Reuters is reporting that Portugal has received at least three bids for the struggling state-owned flag carrier TAP in what is its second attempt to privatise it since 2012. The deadline for bids passed this afternoon. One of the bidders is thought to be Brazilian-American businessman David Neeleman, founder of US airline JetBlue and chief executive of Azul Brazilian Airlines.
- Row builds between US and Gulf airlines
- New Look bought by South Africa's Brait
- SABMiller buys Meantime Brewing Company
- Network Rail strike: 24 hours from 17:00 Monday 25 May
BBC business correspondent, New York
For the American airline industry this is a battle to keep lucrative international passengers, and not lose them in what they argue is an unfair fight. For their part, the Gulf carriers have argued US airlines have benefited from bankruptcy protection and other state support themselves. Etihad claims they received more than $70bn in government support since 2000.
Greek Prime Minister Alexis Tsipras says that Athens and its lenders had found common ground in their bailout talks. But he said his government would not back down from its red lines such as no cuts to wages and pensions. "From this podium I want to assure the Greek people that there is no possibility or chance that the Greek government will back down on pension and labour issues," he told a conference in Athens.
BBC business correspondent, New York
Rarely do you see the bosses of America's three largest airlines working together. But these rivals are united in a battle against Gulf carriers. Explaining their complaint, Jeff Smisek, chief of United Airlines, said: "We are ready, willing and able to compete globally against any airline. But you cannot compete against a national treasury. You cannot compete against an arm of a state. You cannot compete with an infinite supply of oil. It can't be done."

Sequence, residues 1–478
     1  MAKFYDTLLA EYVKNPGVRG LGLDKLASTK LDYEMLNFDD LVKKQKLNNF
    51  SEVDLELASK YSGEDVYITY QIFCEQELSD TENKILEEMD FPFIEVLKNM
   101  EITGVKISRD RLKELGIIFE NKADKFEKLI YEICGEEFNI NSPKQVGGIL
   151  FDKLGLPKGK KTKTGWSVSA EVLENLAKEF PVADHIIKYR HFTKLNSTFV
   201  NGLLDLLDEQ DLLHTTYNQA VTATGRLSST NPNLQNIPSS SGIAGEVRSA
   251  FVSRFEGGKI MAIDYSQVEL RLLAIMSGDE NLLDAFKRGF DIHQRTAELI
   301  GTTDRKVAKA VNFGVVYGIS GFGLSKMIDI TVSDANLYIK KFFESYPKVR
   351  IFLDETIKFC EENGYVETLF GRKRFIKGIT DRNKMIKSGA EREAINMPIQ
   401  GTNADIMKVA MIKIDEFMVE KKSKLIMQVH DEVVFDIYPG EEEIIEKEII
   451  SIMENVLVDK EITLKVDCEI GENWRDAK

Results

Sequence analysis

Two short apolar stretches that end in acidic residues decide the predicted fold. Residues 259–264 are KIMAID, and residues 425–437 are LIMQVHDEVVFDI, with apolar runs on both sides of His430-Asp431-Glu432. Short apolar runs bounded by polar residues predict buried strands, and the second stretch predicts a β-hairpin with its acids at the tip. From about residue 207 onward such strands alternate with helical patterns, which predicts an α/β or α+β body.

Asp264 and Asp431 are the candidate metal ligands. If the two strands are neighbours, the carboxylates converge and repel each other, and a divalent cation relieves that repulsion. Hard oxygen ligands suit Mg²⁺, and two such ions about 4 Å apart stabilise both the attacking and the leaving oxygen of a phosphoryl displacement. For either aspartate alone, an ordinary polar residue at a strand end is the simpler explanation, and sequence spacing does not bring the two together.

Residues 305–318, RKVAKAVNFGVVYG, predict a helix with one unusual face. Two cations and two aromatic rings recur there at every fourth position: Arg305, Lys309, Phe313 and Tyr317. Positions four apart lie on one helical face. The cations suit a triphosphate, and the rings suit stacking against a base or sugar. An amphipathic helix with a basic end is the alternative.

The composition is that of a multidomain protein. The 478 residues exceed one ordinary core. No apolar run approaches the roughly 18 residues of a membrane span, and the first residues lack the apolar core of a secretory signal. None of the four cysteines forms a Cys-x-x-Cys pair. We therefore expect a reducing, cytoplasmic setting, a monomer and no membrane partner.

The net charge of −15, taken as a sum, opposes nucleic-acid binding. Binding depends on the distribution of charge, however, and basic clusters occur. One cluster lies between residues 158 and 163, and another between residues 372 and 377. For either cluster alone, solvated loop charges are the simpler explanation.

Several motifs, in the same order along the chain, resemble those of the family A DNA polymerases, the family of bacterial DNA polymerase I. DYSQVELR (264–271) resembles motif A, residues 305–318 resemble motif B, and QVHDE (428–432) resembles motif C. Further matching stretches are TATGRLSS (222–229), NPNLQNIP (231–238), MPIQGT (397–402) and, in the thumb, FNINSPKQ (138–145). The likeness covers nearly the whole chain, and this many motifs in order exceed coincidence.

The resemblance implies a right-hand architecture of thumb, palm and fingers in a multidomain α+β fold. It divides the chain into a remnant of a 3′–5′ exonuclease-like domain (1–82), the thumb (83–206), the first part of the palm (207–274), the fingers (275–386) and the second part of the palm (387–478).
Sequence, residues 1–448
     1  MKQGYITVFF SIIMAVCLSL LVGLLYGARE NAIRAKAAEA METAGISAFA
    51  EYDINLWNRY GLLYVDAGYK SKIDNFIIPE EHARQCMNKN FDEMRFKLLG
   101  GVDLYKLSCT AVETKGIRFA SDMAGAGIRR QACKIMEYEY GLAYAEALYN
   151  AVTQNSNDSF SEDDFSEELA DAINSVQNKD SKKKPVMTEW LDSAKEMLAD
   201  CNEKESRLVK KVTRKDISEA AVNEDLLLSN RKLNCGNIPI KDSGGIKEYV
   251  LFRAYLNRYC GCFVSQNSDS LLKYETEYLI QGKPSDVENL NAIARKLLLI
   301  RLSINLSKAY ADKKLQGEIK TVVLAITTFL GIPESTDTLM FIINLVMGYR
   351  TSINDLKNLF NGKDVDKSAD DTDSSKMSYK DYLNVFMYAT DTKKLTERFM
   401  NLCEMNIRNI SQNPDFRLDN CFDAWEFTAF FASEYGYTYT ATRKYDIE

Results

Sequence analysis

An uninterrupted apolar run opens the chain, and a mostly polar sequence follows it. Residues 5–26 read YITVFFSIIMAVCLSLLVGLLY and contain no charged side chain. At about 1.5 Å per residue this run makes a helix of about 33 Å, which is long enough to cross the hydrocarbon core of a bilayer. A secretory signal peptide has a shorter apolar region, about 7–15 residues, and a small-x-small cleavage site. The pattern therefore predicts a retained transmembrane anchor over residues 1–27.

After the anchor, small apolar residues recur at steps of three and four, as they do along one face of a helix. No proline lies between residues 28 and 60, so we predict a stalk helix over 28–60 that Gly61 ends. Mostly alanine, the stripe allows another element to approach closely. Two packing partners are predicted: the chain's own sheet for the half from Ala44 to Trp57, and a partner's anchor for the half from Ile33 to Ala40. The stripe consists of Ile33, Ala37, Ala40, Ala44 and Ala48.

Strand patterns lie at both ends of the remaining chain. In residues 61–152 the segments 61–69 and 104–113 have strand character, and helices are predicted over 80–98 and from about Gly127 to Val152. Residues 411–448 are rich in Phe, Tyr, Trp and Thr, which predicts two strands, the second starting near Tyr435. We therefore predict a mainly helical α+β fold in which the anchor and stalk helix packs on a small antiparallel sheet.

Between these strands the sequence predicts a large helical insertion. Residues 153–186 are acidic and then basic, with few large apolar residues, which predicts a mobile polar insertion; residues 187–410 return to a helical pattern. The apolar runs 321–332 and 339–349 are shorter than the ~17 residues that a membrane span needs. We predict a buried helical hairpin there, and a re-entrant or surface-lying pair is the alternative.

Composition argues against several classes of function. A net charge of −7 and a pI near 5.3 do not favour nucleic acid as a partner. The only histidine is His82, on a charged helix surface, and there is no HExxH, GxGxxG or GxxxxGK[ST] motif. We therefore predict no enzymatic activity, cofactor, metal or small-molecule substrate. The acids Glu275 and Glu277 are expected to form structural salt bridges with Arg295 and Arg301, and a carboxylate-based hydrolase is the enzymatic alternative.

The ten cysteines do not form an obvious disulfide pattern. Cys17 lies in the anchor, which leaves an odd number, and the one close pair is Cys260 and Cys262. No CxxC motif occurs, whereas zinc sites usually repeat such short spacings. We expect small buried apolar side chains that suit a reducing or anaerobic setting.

Airlines in the US are charging more for trips between Washington and New York in the wake of the Amtrak derailing, theNew York Daily News reports. Flights normally going for $100 if booked in advance were fetching $700 to $1,700, the site reported.
Netflix shares were up almost 5% on reports is was in talks to expand its operations in China. But cosmetic firm Avon was heading in the other direction, following yesterday's fake bid fiasco. The stock was down 8%.
More pay rebellion. Intertek, a FTSE 100 firm and product tester for the likes of Marks & Spencer and McDonald's, among others, saidmore than half of shares were cast against its pay report. Earlier, the firm reported a 3.3% rise in revenue for the four months to 30 April.
Domino's Printing Services - not to be confused with the fast food firm - says its purchase by Japanese printing rival Brother has been given the green light by regulators.
At Ocado's annual meeting, 19.4% of investorsvoted against the company's director pay report. That's normally a sign the investors think top execs are paid too much. In other, minor rebellions, more than 8% voted against re-appointing non-executive directors Jörn Rausing and Robert Gorrie. All resolutions passed, however.
Business and economy editor, Scotland
A new note from Capital Economics neatly sums up the Greek conundrum. "The IMF won't pay the next tranche unless Greek debt is sustainable; the Europeans are reluctant to lend Greece any more money if debt write-downs have to be undertaken and want to hold Greece as close to balanced budget as possible; Syriza, meanwhile, has no appetite or indeed the political constituency to undertake a further fiscal tightening."